Monday, December 27, 2010

Down Argentine Way

Some of the latest emails ask about where to get started reading this blog and how things were before it all went down. Also, tips and clues to look after as indicators of a possible economic collapse.
Greg sent me this link a few days ago, (Thanks Greg!) and it explains some of these things better than my limited English skills allow me to. It also draws parallels between Argentina and USA


Down Argentine Way
Ron Holland
December 22, 2010

There are many ominous parallels between Argentina and the U.S. and the question often asked is can America avoid the economic consequences that Argentina suffered from a fascist government combined with government debt and currency collapse? I believe the answer is likely NO!
“There are a lot of ways to ruin an economy. Argentina has experimented with most of them. It has devalued its currency, and revalued it. It has pegged it, and then knocked down the peg. It has regulated, controlled, inspected, taxed and confiscated. Following the 2001 crisis, earnings fell by 30% – with half the nation slipping below the official poverty line. What is remarkable is that the Argentine economy has survived at all.” ~ Bill Bonner
Down Argentine Way was the 1940 film that made a star of Betty Grable, who played an attractive young woman on vacation who fell in love with a wealthy racehorse owner. The storyline actually reflected a common occurrence during the 25 years prior to the film debut.
In the early 20th century, “as rich as an Argentine” was a common expression, often used in connection with poor British aristocrats attempting to marry off their daughters to wealthy Argentinians. Argentina was indeed a wealthy nation; for example, we all know about Harrods Department Store in London. Few realize that during this period of Argentine prosperity, Harrods also ran a store in Buenos Aires.
Buenos Aires is still a beautiful and interesting city. If you visit, you’ll learn that despite all the doom and gloom we hear concerning Washington debt and the dwindling dollar, there is life after debt repudiation and currency collapse. The same thing has been proven in Russia, Germany and other nations numerous times. It has even happened twice in the United States.
“May you live in interesting times” ~ A Chinese Curse
Since 2008, we’ve certainly lived in interesting times both in politics and in the markets. The US has tried standard Keynesian economic solutions with exploding deficits and trillions in government debt to solve the problems of mania, bubble and bust in real estate and the economy. (read the rest)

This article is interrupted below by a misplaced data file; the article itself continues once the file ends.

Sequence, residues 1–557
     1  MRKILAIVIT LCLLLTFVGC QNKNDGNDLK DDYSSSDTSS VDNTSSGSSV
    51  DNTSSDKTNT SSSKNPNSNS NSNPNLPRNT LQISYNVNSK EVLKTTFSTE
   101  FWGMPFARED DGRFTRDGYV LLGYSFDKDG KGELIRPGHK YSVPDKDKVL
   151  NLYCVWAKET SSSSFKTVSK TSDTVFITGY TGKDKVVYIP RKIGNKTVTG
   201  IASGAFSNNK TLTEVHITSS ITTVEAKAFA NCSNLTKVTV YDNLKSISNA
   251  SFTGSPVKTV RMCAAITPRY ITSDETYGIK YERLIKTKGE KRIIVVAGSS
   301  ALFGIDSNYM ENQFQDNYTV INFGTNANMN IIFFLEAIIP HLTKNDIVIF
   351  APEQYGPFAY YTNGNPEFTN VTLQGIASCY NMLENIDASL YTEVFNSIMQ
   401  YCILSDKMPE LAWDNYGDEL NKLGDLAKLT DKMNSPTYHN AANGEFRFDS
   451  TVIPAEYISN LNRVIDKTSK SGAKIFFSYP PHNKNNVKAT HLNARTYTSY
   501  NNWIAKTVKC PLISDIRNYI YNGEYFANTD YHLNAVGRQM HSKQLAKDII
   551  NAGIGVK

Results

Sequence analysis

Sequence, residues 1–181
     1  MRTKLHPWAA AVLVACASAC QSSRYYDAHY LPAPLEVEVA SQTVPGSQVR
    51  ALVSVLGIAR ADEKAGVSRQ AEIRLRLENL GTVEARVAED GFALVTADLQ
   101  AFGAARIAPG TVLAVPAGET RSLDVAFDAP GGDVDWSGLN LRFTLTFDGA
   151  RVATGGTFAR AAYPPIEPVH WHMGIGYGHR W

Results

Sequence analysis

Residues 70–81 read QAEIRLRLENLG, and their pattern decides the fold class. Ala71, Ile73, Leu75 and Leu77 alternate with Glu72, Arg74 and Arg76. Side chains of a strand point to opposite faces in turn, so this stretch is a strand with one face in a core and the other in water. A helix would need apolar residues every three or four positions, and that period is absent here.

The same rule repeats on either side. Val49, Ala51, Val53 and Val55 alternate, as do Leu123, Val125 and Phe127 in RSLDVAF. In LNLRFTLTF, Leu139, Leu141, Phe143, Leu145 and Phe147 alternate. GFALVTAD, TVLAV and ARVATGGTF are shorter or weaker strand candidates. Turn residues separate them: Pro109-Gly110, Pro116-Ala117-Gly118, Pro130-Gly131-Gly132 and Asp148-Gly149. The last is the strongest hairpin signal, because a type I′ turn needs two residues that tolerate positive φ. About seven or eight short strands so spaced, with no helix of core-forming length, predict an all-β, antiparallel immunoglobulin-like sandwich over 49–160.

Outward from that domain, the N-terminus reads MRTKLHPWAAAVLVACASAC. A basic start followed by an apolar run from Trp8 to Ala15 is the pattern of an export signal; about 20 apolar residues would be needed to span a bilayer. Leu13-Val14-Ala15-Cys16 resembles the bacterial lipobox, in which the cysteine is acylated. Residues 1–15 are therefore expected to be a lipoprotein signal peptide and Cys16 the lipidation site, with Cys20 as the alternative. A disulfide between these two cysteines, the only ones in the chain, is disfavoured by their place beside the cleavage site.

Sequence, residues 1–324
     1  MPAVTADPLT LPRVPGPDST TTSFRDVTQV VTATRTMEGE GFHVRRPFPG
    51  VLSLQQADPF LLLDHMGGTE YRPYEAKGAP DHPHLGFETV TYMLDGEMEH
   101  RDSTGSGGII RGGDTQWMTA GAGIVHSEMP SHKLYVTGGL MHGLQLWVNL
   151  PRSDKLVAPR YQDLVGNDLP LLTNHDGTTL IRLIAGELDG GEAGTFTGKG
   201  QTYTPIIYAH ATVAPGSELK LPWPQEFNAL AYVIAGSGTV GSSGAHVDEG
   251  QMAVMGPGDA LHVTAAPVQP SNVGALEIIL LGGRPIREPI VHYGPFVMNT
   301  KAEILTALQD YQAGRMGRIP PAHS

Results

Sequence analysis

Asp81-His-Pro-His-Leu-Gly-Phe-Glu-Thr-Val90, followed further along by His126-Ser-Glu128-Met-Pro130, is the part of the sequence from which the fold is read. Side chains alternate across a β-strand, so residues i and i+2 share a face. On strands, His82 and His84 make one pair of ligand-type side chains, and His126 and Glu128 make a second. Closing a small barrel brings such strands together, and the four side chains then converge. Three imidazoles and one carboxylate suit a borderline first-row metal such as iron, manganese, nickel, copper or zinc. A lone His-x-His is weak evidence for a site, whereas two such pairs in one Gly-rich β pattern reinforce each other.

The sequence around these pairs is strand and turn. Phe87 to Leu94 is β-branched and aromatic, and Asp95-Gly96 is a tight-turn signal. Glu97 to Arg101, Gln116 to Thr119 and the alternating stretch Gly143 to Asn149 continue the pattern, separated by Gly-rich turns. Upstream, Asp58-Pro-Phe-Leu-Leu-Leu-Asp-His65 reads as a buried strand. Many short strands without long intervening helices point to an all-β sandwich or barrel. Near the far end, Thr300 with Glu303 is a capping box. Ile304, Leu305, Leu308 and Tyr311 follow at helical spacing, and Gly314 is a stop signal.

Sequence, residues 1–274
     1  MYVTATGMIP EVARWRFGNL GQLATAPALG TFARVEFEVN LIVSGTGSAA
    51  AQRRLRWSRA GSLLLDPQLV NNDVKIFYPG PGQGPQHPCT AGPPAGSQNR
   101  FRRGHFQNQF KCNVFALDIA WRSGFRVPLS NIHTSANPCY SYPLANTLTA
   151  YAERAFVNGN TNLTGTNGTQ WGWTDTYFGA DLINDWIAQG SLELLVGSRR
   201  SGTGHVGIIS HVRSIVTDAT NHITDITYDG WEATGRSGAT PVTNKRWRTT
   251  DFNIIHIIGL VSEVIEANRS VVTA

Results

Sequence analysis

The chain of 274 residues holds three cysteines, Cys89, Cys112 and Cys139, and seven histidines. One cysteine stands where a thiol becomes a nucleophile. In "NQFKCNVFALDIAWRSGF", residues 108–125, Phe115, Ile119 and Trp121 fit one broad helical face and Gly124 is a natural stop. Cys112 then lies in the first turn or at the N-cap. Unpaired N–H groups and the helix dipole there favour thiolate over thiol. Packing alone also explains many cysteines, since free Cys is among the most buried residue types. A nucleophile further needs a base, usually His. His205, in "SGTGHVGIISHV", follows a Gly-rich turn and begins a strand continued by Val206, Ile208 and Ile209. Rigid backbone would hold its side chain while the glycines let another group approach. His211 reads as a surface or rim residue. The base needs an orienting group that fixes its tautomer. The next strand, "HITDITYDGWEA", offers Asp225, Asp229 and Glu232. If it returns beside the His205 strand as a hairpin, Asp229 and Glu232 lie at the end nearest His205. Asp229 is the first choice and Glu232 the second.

K said...

Knowing the warning signs won't be enough. One also should be cogniscent of the likelyhood that the warning signs will not occur uniformily. The pace, frequency, order, intensity, etc. could be very different from what has happened in the past.

Anna said...

I don't materially disagree with the linked article...

... but WHOOO are there ever some crazy kooks in the comments section.

Get this:
"Cows are holy , and karma sucks …"

Good for a few laughs I guess.

FerFAL said...

Comments and opinons, everyone has one its up to you to see what's relevant or not. The article mentions Bs As Harrods. I remember going there as a kid, it was an experience back in the day.
The guy in the elevator told what was in each floor, you got your hair cut, milk shakes.
Little by little they started shutting down floors untils they closed completely.


Maldek said...

Socialism - the lower and upper class united to milk the middle class. Result is always the same - you can go back to ancient rome and you will find the same pattern.

FerFal - you may find the book "The fourth turning" of interest.

Weaseldog said...

In that article, he completely leaves out the roles played by the banks and other international corporations.

The banks that comprise the IMF are the architects of these crisis. They keep repeating the same plan over and over and come out with more wealth and power each time.

In the USA, their role and their endlessly repeated strategy is largely unknown, and instead we're directed to other scapegoats.

Because we don't recognize the source of the manipulation or the pattern, we repeat the same mistakes every other nation attempted since the East India Tea Company first started profiting from creative destruction.

The unions are certainly corrupt. But no one seemed to care much when we were in the boom in the late 90s. When people have lots of money, they can afford a little corruption or extra expenses.

The banks are looting both the USA and Argentina. when the unions are taken out, and the pensions, 401ks, IRAs, your stocks and bonds are frozen, then they'll go after the next highest wage class.

We're competing with 3rd world labor. If you make more than $35/week you're eventually gonna get scapegoated. The media will preach, and the nation will agree that you're the problem.

p.s. In Argentina, Bank of America and Goldman Sachs did legally loot the citizens 401ks. They'll do it in the USA too.